By his own admission, Jeff Tweedy’s December 7 solo concert at DC’s Lincoln Theater was not flawless. When he forgot a line during the first verse of Remember the Mountain Bed, he confessed that the song was not on the setlist, and that 9 verses might be a bit much for him. Self deprecation may have gotten him through the rough spots, but there weren’t many to get through.
The Autumn Defense, fronted by Wilco’s Pat Sansone and John Stirratt, opened the show with well-crafted (and even better-performed) soft rock music. While their songs don’t hit me viscerally, the band is unbelievably tight. Toward the end of Tweedy’s performance, the whole band accompanied him on a few songs, with Passenger Side and California Stars standing out.
Tweedy’s setlist included songs from every Wilco album, and songs he wrote for Loose Fur (The Ruling Class), Mavis Staples (You Are Not Alone), and Uncle Tupelo (Acuff-Rose). He delivered the latter from the edge of the stage, sans amplification for an intimate finale.
From my seat, the sound was perfect. There were several moments where his guitar created overtones so strong it sounded like he was accompanied by a organ. Or maybe the theater’s haunted. Either way, Tweedy manages to get a full, glowing sound from his instrument, complementing his voice in all of its not-flawless beauty.
As of October of this year, Sarah Palin’s approval rating was 22%. Not very good news for Palin, but even worse news for the 22% of Americans who take denial to pathological extremes.
In my time off blogging, I’ve developed a low-grade obsession with opera. I’ve gone to the Kennedy Center to see the Washington National Opera’s productions of Un Ballo in Maschera and Salome. Both were lovely. I’ve also been listening to Tristan und Isolde in chunks; I have a hard time with the density of Wagner’s music, but it’s definitely rewarding.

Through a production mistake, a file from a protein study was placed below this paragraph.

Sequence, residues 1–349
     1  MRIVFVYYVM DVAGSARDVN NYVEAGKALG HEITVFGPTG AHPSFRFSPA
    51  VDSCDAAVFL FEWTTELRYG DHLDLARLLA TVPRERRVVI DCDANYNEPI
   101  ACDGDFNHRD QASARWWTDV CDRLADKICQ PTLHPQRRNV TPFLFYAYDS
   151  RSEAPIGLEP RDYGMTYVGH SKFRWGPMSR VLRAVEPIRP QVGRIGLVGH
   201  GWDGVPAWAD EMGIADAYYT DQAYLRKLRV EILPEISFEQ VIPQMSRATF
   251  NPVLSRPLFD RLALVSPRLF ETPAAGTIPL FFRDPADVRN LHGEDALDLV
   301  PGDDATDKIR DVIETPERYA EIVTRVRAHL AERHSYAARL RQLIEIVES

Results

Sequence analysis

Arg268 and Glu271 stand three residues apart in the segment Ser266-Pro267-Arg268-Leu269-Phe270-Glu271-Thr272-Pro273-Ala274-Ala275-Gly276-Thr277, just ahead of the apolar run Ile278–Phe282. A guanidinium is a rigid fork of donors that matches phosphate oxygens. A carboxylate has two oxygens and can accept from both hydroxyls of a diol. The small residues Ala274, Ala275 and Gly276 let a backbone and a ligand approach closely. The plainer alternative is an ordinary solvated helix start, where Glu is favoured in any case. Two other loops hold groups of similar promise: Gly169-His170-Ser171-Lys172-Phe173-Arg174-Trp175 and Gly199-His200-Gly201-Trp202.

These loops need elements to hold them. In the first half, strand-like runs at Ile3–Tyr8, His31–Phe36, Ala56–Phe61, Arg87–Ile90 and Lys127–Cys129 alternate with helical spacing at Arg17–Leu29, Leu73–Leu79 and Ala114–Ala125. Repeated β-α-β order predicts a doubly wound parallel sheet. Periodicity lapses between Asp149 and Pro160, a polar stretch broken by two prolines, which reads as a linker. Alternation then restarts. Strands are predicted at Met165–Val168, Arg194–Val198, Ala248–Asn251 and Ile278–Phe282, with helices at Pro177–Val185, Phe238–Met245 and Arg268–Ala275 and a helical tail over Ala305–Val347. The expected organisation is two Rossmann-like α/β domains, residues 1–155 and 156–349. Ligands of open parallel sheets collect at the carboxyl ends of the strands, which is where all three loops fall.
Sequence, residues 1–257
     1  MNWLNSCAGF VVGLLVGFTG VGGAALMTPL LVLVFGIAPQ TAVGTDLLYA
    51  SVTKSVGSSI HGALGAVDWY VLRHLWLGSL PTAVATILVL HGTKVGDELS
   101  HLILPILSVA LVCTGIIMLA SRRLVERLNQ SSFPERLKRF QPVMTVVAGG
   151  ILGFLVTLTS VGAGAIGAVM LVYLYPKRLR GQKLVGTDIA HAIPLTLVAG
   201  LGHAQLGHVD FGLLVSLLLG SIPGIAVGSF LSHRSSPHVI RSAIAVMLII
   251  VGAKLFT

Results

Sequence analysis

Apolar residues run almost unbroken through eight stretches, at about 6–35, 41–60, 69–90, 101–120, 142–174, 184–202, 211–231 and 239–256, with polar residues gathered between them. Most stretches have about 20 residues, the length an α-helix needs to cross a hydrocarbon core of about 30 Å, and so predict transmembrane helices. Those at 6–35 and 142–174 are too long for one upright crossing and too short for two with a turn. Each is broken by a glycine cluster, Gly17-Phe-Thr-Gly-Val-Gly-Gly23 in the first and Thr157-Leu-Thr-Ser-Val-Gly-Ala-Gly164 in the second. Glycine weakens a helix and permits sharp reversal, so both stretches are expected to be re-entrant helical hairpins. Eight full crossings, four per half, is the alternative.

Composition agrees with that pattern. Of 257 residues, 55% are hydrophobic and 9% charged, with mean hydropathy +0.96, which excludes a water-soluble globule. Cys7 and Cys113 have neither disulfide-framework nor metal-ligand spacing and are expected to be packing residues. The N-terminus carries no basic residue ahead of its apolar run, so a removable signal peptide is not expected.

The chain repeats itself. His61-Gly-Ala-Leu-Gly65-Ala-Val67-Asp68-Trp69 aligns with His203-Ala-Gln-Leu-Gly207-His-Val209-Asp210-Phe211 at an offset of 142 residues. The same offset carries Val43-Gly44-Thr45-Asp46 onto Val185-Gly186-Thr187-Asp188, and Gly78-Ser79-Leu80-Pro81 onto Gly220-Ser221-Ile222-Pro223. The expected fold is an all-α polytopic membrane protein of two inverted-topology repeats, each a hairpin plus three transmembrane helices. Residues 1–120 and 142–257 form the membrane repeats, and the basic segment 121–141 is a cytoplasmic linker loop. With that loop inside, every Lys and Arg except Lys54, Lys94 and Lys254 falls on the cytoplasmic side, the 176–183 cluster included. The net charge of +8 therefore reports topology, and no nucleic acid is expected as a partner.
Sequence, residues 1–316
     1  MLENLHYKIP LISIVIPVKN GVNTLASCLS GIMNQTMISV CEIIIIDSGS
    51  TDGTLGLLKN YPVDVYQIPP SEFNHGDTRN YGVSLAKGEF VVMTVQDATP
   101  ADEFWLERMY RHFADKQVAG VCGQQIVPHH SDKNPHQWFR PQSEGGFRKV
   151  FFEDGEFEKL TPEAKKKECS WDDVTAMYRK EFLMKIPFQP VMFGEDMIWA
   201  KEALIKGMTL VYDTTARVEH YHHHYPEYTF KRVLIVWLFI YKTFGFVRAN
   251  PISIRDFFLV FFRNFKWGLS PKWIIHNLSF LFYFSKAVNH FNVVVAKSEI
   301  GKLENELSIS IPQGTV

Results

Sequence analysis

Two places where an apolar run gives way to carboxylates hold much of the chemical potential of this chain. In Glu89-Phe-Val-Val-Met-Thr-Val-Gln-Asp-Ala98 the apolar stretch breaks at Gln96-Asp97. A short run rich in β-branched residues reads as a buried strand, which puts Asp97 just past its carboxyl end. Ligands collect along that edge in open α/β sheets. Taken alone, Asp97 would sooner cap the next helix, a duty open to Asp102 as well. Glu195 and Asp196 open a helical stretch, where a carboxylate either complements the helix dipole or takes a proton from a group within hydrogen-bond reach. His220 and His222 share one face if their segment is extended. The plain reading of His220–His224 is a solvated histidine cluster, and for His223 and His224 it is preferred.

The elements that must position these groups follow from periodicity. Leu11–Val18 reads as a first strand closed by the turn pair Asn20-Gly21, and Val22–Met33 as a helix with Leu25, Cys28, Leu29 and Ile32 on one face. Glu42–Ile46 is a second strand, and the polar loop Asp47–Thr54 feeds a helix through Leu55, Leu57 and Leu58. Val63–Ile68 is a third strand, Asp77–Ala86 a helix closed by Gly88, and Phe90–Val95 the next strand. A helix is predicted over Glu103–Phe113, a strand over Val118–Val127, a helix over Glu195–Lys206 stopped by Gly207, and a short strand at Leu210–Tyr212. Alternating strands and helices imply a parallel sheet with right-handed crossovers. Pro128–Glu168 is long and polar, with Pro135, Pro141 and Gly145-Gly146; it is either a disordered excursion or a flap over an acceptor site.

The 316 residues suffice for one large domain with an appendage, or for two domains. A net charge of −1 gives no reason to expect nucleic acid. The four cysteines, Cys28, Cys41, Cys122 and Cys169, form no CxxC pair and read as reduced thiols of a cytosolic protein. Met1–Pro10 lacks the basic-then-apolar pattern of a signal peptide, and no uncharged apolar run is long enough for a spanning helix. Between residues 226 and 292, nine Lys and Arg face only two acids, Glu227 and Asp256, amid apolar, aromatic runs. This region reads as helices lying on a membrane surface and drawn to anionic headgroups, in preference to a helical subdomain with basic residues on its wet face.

I was also lucky enough to get tickets to the National Endowment for the Arts’ Opera Honors. I’ve never been partial to Philip Glass’s music, but this piece from his opera Satyagraha blew me away. I think it neatly represents the whole minimalism thing, featuring a haunting melody over neatly-textured, repetitive instumental parts.
Unfortunately, the jerks at Sony Music don’t want me to embed this song on my blog. God forbid they let go of the past by playing to the internet’s strong points. DO YOURSELF A HUGE FAVOR AND LISTEN HERE.
If you’ve watched FOX News for more than 15 minutes, chances are you’ve heard someone shitting on George Soros. A billionaire who helped Hungary’s peaceful transition from communism to capitalism in the 80’s, Soros emigrated from Hungary after World War 2, winding up in New York City in 1956. Since then, Soros has promoted peace and education across Europe and supported liberal organizations in the US through his Open Society Institute, which gives out over $600 million each year.
As a boy, Soros complied with Nazis in Hungary by handing out deportation notices to Jews. Anyone who has paid even cursory attention to the cancer of Nazi-occupied Europe knows that their unrestrained brutality included the murder, enslavement, and coercion of Jews wherever they metastasized. It’s no surprise that Soros, a 14-year old Jew, was a victim of this brutality. To imply that his actions were ignoble acts of collaboration with the Nazis would be cruelly stupid at best.
Glenn Beck is cruelly stupid at best. He characterized the Soros’ experience with the Nazis this way:
[When Soros was] 14 years old, he had to help the government confiscate the land of his fellow Jewish friends and neighbors. He didn’t grow up in a very Jewish household. His mother was a strong anti-Semite — his words, not mine — but when he had to go over and take the lands from the people…who were being sent to the gas chambers, I can’t imagine what that would do to a teenager, anybody, an adult. Well, what did it do to George Soros? In an interview with Steve Kroft, Soros was asked if he felt guilt at all about taking the property from the Jews as a teenager. He responded, ‘no.’
First, unless Beck has severe cognitive deficiencies, he should know that the Nazis didn’t give a fuck how religious a given Jewish household was. They were to be enslaved, tortured, murdered, or any combination thereof regardless of whether they kept kosher or shomer shabbos. The implication that the Soros family’s level of observance made George a cheerful collaborator is grotesque. Secondly, who the fuck is Beck to imply that Soros ought to feel guilty? Should all victims of unparalleled atrocities feel guilty?
It would take a giant tome to catalog all the stupid shit that’s dribbled out of Glenn Beck’s doughy mouth, but this may take the cake. Of course, he can’t even stand up for what he believes; he’s retreated behind the old “I didn’t actually say anything bad,” in complete denial of the simple fact that his implications lead to our inferences. The cowardly fuck.